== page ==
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Bantacs - Mapping out Property to gain CGT Concessions
Empower Wealth Blog post by Empower Wealth

Mapping Out Your Property to Make the Most of CGT Concessions

This blog was originally posted on Ban Tacs and written by Julia Hartman, founder of the Ban Tacs group and Chief Technical Tax Advisor for Empower Wealth Tax. 
This report is also referenced and expanded in our series, Talking Property Tax with Julia Hartman in Episode 4. Watch it here >>

If your home is on more than 2 hectares (5 acres) of land, you need to keep Capital Gains Tax (CGT) records right from day one. This not only takes discipline and hard work, but requires the right advice which covers your records right down to your lawn mowing fuel. Here’s how to do it:

The first step is to map out your property similar to the 7-acre property in the picture above. Google Earth Satellite Images will give you a bird’s eye view of your property. The snipping tool on windows will allow you to take a screenshot and draw in the boundaries.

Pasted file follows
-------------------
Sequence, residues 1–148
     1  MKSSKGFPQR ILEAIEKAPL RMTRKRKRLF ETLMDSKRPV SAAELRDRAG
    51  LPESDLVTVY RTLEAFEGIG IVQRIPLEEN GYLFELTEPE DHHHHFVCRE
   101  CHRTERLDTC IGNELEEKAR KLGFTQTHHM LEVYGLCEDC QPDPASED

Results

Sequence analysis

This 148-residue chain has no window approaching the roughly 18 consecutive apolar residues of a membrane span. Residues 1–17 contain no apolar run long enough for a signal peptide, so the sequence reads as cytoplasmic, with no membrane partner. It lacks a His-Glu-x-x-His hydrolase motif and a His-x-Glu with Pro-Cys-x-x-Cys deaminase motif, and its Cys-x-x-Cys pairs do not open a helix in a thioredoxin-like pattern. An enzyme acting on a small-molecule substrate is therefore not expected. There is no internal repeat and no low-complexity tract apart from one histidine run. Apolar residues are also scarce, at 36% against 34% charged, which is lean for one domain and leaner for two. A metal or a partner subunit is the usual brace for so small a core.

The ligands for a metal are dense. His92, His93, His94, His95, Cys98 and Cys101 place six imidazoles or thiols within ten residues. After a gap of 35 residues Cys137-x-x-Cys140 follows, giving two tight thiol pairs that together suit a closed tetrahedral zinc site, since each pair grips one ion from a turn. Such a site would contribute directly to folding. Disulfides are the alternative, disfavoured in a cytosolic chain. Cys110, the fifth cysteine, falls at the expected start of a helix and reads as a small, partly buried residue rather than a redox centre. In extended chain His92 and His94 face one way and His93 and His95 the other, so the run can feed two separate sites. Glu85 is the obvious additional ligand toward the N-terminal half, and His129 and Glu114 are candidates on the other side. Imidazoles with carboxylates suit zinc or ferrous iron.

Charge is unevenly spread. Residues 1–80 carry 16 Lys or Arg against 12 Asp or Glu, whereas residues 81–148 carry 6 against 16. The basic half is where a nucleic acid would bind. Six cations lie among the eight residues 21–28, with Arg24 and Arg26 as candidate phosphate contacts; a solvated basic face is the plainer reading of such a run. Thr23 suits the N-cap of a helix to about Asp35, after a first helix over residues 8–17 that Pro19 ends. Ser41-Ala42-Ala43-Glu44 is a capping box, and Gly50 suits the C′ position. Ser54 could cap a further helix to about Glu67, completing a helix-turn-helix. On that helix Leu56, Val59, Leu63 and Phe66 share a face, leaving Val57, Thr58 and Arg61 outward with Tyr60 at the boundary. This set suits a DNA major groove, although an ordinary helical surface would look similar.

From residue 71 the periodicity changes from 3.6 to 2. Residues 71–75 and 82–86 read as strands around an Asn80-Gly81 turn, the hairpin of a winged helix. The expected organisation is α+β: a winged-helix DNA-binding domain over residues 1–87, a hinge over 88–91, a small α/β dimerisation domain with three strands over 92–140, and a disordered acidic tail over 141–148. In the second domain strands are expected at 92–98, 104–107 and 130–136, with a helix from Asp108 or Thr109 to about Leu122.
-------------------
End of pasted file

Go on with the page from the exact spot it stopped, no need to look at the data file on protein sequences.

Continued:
Main Residence

In this example, the 3 acres in the middle will be only used for private purposes the whole time the property is owned, so it will be exempt from CGT as the main residence. You will need to apportion the expenses associated with this area in the same way so that they are not included in the area that will be subject to CGT. Seeing as you are going to that trouble you may as well record them in a spreadsheet just in case the main residence exemption is lost, for example selling the property while living overseas. Click here for Bantac’s proprietary spreadsheet that’s designed to help you easily and efficiently keep these records >>

Place of Business

The 1 acre outlined in green will be used as a mechanical workshop with cars and machinery scattered around. If this area is used in the business by the owner or an associate (ie trading trust) for at least half the time the property is owned or 7 1⁄2 years (whichever is the shortest) this 1 acre will qualify for the CGT small business concessions. This concession, with careful planning, can result in the capital gain on that area being tax-free and may even be able to be contributed to Super with no contribution tax and without interfering with the other super caps.